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In 1915 the city of San Francisco invited the world to celebrate the opening of the Panama Canal with a world's fair, known as the Panama Pacific International Exposition. The occasion was also a celebration of the city's recovery from the 1906 earthquake and fire. The Exploratorium was housed in the last remnant of the Exposition, the Palace of Fine Arts. Without the media of today, its promoters had to find other ways to publicize the event. Thanks to the Keystone Company, people all over the world were able to experience a day at the fair by looking at the stereograph pictures through special viewers that created the 3-D effect.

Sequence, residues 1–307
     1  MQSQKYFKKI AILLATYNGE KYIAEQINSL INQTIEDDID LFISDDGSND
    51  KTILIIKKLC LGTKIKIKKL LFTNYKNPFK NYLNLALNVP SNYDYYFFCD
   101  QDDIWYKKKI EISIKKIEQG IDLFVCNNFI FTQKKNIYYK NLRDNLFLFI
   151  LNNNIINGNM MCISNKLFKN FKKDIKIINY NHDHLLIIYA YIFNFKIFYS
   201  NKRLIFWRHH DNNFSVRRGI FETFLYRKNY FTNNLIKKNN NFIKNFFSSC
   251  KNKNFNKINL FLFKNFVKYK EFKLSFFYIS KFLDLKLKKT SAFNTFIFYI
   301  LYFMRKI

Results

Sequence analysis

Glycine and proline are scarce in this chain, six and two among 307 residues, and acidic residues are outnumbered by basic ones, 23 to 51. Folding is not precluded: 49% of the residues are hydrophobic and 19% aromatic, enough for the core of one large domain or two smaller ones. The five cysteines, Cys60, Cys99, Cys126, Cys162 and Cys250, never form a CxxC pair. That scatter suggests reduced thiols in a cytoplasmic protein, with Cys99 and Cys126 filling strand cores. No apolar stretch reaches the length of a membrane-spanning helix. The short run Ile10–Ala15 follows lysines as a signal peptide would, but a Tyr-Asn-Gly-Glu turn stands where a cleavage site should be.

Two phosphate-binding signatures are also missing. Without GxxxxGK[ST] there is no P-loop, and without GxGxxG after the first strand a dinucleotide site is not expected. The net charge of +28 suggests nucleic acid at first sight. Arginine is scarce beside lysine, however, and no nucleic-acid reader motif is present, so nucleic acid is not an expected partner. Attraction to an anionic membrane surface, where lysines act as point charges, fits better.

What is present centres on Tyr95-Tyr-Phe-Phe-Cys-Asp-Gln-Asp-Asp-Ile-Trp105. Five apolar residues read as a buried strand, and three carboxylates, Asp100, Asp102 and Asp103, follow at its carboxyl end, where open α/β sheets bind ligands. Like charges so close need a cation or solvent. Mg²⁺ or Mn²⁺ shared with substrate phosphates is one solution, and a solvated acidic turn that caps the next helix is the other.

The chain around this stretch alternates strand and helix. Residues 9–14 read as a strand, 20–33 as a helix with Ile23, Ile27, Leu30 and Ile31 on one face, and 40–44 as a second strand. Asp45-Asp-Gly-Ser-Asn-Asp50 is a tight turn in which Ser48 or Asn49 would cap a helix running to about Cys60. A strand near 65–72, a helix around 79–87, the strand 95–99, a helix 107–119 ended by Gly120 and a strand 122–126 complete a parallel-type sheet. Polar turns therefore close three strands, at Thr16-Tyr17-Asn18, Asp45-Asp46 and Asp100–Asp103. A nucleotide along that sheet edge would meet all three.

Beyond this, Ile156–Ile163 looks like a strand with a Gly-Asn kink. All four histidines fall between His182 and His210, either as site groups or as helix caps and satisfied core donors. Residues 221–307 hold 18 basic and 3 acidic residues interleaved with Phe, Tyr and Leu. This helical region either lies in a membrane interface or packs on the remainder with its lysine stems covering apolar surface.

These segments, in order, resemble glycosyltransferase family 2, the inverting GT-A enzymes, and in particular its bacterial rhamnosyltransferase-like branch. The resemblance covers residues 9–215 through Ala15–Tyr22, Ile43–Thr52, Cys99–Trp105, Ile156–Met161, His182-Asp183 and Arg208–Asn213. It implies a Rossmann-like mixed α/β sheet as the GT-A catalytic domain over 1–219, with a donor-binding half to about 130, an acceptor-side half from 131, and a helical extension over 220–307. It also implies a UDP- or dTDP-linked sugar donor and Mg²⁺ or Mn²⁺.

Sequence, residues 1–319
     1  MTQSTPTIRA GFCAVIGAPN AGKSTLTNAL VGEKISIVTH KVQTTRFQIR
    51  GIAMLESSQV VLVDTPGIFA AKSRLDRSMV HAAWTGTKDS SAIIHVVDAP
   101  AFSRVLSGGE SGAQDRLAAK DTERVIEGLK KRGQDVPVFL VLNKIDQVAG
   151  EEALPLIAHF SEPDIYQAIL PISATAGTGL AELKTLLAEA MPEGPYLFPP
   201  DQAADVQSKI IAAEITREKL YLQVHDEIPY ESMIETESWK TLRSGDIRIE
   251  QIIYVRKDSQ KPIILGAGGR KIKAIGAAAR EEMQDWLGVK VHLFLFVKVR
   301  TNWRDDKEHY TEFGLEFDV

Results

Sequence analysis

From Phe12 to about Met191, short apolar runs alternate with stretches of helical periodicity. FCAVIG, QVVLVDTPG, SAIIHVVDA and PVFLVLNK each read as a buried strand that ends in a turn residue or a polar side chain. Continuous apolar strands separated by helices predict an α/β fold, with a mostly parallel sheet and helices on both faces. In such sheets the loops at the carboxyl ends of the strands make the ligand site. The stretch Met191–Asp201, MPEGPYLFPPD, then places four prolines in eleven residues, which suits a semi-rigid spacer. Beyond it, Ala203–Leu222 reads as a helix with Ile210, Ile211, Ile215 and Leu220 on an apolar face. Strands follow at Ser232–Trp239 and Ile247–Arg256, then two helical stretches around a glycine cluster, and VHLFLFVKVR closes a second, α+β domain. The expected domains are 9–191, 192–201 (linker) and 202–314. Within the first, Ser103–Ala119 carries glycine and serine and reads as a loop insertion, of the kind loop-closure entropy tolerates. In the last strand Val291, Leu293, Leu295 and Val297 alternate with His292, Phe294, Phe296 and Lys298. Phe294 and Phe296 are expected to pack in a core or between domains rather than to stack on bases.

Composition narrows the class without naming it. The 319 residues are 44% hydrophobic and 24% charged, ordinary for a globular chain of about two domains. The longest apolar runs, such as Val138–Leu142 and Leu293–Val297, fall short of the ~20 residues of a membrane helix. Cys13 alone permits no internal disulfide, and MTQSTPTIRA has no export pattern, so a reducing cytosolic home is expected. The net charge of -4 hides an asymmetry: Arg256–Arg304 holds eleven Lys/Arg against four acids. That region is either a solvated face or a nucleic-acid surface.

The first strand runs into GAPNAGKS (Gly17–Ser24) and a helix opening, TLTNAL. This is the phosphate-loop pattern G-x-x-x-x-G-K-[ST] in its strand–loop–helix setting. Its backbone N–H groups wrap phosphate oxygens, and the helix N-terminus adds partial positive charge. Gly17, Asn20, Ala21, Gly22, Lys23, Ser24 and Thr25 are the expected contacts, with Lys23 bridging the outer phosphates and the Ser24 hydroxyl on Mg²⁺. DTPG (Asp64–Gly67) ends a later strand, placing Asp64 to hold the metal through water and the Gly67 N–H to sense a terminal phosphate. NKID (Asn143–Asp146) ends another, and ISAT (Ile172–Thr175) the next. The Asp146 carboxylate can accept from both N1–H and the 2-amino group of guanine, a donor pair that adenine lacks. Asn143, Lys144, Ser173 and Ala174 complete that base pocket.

PPIE case detail In the early 1900's the Keystone Company produced hundreds of thousands of stereographic images. Keystone organized some of the images from its collection into sets of 100. The stereographs on this website are from one set titled "The Panama Pacific International Exposition." We have scanned the original stereographic pairs, and used Adobe PhotoShop® to convert the images to anaglyph format.


The Exploratorium would like to thank our tireless volunteer, Bess Reynolds, on whose bookshelf we spied this collection during a dinner party she hosted. We then guilted her into doing the hundreds of hours of work digitizing and processing the stereographs for this website.

While the original photographs are public domain, we would like to thank UCR/California Museum of Photography, University of California, Riverside, the current custodians of the Keystone-Mast Collection. They own the original glass negatives, and deserve credit for preserving these treasures for future generations, as well as encouraging us in this project.

© Exploratorium